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Original Issue


The Angels and the Rangers, flush with TV cash and talent, are the AL's new power brokers. With apologies to the I-95 corridor, they are the game's most fascinating rivals

Forget Yankees--Red Sox. For baseball's baddest rivalry, go West. "The beasts of the East have had their day in the sun," says Angels rightfielder Torii Hunter, "but now there are two beasts in the West, too. People might have to stay up a little later now to tune into the Angels-Rangers."

The axis of power in the American League has shifted—the road to the World Series is no longer I-95. That became clear this winter, when it was the Rangers and the Angels who dominated the headlines with their spending: The two rising powers, enriched by monster TV deals, combined to spend nearly $500 million on free agents that included the best hitter in the game (Albert Pujols), the best free-agent pitcher (C.J. Wilson) and the most-hyped Japanese import ever (Yu Darvish). Says Wilson, who defected from Texas to L.A., signing a five-year, $77.5 million deal, "The way these two teams were spending money, it was like New York and Boston over the last 10 years."

When the big spending in Arlington and Anaheim was over, the gap between the AL West's two tiers had widened significantly. Seattle and Oakland, whose combined payroll is less than that of the Angels, began waving the white flag practically before the ink on Pujols's contract dried. Within three weeks, Oakland dealt away starters Gio Gonzalez and Trevor Cahill and All-Star closer Andrew Bailey for prospects. Says A's assistant G.M. David Forst, "The Pujols deal had to shape the way we looked at our club."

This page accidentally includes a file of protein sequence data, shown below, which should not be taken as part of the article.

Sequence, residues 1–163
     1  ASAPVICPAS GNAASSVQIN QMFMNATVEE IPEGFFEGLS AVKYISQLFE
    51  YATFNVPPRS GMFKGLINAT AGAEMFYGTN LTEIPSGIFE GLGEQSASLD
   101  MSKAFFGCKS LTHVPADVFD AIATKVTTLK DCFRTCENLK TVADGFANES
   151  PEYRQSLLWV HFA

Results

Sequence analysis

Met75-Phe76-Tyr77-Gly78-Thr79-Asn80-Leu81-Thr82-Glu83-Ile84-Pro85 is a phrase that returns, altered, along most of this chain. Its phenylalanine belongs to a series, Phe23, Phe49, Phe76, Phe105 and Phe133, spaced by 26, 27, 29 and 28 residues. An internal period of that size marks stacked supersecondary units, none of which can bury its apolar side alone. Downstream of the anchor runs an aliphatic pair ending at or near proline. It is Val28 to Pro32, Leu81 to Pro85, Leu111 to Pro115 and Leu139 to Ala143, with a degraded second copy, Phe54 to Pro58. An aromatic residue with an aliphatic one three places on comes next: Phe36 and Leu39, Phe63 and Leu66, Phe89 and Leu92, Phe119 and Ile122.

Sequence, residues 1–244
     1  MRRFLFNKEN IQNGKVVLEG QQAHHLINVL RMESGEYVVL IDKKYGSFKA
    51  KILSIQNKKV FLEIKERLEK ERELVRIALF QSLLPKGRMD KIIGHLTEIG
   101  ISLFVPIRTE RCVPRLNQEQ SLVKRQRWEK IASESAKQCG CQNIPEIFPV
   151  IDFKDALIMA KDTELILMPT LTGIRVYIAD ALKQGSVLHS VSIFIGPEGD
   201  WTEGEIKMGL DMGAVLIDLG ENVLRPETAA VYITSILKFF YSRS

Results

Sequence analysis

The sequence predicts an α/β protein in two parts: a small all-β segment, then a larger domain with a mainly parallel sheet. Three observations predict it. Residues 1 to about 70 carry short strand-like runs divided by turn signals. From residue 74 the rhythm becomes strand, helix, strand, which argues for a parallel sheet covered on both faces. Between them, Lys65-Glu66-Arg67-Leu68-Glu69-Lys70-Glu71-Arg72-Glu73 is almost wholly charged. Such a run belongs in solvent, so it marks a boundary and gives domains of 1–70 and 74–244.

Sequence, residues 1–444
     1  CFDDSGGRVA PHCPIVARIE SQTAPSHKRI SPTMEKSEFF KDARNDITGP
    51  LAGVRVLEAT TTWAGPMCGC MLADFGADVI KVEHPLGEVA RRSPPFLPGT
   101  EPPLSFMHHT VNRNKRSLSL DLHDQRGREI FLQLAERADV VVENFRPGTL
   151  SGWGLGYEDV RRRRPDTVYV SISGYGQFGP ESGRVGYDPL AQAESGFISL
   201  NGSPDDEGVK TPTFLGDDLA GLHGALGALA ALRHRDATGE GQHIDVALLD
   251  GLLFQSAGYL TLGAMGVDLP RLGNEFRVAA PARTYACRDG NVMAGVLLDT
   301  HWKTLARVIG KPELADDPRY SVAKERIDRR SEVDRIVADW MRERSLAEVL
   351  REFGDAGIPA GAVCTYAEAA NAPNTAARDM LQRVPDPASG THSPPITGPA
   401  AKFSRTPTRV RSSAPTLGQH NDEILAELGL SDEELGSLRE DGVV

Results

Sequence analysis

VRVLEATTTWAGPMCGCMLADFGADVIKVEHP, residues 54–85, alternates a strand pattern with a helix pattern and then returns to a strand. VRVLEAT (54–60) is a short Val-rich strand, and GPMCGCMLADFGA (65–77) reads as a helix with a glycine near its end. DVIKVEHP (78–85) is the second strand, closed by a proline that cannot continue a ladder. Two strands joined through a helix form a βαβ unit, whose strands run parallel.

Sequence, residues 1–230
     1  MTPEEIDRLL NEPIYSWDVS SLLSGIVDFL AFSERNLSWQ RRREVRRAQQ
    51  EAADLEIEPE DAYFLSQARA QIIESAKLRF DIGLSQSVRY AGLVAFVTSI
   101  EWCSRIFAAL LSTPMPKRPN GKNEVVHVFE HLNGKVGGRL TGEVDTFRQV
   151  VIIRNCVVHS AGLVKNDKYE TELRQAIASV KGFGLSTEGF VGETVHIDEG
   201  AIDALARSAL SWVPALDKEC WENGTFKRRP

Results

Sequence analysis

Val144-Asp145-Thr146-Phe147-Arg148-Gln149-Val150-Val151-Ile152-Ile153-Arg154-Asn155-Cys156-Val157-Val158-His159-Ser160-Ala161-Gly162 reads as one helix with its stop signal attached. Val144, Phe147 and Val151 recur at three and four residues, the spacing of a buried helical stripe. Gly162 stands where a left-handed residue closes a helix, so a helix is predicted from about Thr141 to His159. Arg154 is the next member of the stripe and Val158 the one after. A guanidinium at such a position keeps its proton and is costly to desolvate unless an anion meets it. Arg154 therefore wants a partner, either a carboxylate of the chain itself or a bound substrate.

Seattle G.M. Jack Zduriencik, meanwhile, was already bracing Mariners fans for a long season in the first week of spring training. "Let's not kid ourselves," he told reporters. "This is going to be a challenging year at the big league level for us."

In no other division are the haves and have-nots so neatly cleaved. And no other division is loaded with more intriguing star power. In mid-February, Los Angeles's new $240 million first baseman, Pujols, was working out at a Gold's Gym in Venice, when a tall young man with shaggy orange-tinted hair and a dark goatee walked in. It was Darvish. The two players who will be front and center in this season's most riveting rivalry shook hands and introduced themselves. Recalls Pujols, "He was a very nice man. He said he was looking forward to the battle."

Sitting in his office at the Angels complex in Tempe, Ariz., one spring training morning, Angels G.M. Jerry Dipoto quickly shot down the notion that the division is a two-team race. "We're in no different position from the Mariners and A's in that we're trying to catch the Rangers," he says. "They're the two-time defending [AL West] champs. We all have our work cut out for ourselves."

The addition of Pujols will undoubtedly improve an offense that struggled last season (it ranked 10th in the AL in runs per game, with 4.1), but the strength of the team remains the pitching staff, which led the league in ERA. The Angels were willing to sign Wilson for a hefty sum because they believe that despite the lefthander's age, his best years are ahead of him. "He doesn't have as much mileage on his arm as the typical 31-year-old," Dipoto says of the former closer, who joined the Texas rotation in 2010. "And he's done nothing but improve every year he's been in the big leagues."